With a moratorium on new oil and gas leases now extending through June, how will the US Department of the Interior approach future reforms to the federal leasing program?
The US Department of the Interior has extended its moratorium on new oil and gas leases on federal lands through at least June. A report on the program’s economic and environmental impacts is expected this summer, which could reveal the Biden administration’s broader plans for reforming the program; federal oil and gas leases have been an early focus for the Biden administration, given that the production and use of fossil fuels—oil, gas, and coal—from federal lands and waters accounts for around 25 percent of all US greenhouse gas emissions. The forthcoming review will consider specific policy tools, such as potentially raising royalty rates or indefinitely halting new leases, along with broader questions about the program’s mission and legacy, including whether the Interior Department has adequately considered public and tribal pushback to proposed oil and gas projects in the past. Secretary Deb Haaland, who has called the program “fundamentally broken” and has long supported significant reforms, already has reshaped department policy, revoking Trump-era rules that favored fossil fuels and issuing new orders that compel the department to more robustly consider climate change in its decisionmaking.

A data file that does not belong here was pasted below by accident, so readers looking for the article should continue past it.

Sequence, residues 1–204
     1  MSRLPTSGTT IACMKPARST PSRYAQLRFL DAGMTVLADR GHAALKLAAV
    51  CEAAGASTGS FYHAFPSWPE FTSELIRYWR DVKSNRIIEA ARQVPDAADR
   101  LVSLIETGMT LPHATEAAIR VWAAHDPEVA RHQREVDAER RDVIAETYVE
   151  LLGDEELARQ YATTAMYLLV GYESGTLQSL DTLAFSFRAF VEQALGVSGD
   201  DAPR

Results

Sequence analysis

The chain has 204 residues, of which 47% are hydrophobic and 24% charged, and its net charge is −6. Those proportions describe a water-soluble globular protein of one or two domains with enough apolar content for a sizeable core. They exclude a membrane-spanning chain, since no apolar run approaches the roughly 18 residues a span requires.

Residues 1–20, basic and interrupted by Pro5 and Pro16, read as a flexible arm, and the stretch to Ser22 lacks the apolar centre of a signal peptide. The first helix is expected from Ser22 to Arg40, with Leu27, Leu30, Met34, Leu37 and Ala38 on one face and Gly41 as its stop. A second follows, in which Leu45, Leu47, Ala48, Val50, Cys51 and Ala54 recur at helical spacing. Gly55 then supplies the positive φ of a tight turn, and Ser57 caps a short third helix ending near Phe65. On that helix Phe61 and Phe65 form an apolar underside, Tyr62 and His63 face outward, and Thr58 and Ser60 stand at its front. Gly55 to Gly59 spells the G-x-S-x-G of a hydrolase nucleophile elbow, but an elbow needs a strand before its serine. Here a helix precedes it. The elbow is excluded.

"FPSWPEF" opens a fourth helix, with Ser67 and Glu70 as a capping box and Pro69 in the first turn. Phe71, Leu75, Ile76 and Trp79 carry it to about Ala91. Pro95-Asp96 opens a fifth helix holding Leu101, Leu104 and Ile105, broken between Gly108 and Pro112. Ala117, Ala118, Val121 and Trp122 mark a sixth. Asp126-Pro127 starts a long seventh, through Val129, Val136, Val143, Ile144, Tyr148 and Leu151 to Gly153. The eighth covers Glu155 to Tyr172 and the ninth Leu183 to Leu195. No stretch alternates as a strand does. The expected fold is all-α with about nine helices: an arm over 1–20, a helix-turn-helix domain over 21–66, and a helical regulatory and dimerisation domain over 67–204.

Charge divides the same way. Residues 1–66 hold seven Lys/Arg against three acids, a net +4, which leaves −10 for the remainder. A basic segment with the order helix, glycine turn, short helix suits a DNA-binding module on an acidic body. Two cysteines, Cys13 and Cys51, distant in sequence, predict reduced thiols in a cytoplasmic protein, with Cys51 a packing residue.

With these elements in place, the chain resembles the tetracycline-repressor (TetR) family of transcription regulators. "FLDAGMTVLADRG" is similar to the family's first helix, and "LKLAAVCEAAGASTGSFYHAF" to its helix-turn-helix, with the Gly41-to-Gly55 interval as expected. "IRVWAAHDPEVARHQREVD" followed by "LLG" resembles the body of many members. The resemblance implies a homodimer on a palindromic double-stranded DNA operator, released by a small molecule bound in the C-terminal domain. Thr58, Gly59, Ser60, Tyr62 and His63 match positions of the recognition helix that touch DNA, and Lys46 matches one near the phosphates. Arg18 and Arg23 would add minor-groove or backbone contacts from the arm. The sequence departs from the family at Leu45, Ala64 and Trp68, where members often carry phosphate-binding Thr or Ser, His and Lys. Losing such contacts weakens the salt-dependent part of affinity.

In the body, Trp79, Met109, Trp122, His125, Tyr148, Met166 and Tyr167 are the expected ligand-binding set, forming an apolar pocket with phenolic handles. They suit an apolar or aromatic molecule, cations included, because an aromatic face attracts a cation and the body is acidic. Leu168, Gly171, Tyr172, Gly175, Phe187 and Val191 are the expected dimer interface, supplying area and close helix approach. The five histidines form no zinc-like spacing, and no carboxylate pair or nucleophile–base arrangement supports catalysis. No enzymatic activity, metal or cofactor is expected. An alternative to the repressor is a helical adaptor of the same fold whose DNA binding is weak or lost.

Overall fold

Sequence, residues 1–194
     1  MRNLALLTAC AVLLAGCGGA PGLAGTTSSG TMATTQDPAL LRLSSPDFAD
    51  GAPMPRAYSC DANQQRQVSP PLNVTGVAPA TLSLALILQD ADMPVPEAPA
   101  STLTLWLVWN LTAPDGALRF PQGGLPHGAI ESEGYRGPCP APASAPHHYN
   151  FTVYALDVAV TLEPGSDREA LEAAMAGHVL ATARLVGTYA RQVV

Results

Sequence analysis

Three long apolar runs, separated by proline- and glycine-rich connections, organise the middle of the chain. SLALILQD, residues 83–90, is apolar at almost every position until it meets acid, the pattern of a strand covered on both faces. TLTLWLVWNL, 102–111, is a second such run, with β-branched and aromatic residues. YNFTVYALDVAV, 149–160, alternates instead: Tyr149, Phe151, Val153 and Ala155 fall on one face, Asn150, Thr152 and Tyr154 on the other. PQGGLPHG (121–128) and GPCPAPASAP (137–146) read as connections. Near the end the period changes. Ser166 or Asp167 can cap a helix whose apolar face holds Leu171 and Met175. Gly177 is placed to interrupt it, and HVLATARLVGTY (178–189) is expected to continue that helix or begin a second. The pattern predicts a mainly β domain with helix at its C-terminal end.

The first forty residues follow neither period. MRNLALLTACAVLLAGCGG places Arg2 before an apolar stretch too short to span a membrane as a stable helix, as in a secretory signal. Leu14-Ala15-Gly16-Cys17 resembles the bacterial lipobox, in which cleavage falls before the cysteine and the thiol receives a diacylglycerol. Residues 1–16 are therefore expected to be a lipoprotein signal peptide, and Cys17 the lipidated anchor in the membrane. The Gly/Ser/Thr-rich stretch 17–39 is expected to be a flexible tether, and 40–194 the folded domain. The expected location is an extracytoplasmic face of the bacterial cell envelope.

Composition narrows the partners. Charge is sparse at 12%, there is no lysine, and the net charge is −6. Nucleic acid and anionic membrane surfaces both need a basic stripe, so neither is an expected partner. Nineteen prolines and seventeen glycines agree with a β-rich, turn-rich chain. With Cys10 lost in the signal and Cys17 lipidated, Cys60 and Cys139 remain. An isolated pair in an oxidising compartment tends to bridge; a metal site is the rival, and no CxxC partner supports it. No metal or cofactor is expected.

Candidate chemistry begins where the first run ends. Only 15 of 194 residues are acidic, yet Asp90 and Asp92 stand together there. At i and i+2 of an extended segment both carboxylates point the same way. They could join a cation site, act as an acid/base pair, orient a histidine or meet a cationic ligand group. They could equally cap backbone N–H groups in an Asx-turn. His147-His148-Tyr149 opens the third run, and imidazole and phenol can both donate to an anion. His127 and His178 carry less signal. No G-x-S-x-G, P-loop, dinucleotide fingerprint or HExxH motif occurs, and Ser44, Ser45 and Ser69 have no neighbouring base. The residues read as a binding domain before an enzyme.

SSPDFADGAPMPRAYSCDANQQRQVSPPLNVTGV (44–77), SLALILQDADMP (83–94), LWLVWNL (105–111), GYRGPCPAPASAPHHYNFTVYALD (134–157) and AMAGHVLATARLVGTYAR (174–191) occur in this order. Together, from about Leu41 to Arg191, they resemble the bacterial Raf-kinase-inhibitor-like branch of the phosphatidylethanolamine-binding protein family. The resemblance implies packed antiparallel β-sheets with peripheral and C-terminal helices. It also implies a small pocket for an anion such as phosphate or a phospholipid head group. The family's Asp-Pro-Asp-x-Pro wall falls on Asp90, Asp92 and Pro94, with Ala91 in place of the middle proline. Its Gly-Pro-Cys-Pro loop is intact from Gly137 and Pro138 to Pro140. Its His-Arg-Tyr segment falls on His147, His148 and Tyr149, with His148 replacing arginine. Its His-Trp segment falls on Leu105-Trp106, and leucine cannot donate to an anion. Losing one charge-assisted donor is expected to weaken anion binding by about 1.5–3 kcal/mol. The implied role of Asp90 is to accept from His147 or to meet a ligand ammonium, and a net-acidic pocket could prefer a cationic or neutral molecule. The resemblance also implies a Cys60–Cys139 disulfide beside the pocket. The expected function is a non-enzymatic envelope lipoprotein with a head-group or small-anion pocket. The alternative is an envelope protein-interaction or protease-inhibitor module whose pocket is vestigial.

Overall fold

On a new podcast episode based on a Policy Leadership Series event earlier this month, former US Secretary of the Interior Sally Jewell and RFF President and CEO Richard G. Newell discuss the Interior Department’s wide range of responsibilities and strategies for reforming the federal oil and gas leasing program. Jewell describes President Biden’s executive order halting new leases on federal lands as “absolutely sensible” and something that “needs to be done,” and she contends that a more competitive leasing process is essential for ensuring taxpayers get a fair return. Drawing parallels with another federal program that went decades without a comprehensive review, Jewell reflects on her own efforts to reform the federal coal leasing program, only for President Trump to attempt, unsuccessfully, to reverse the Obama administration’s reforms. “But that reversal actually got challenged in the court because we did it the right way,” Jewell explains. “We did listening sessions, and that’s how we should proceed for oil and gas.”
Related research and commentary:
- Blog: Protecting Public Lands: RFF’s Policy Leadership Series with Sally Jewell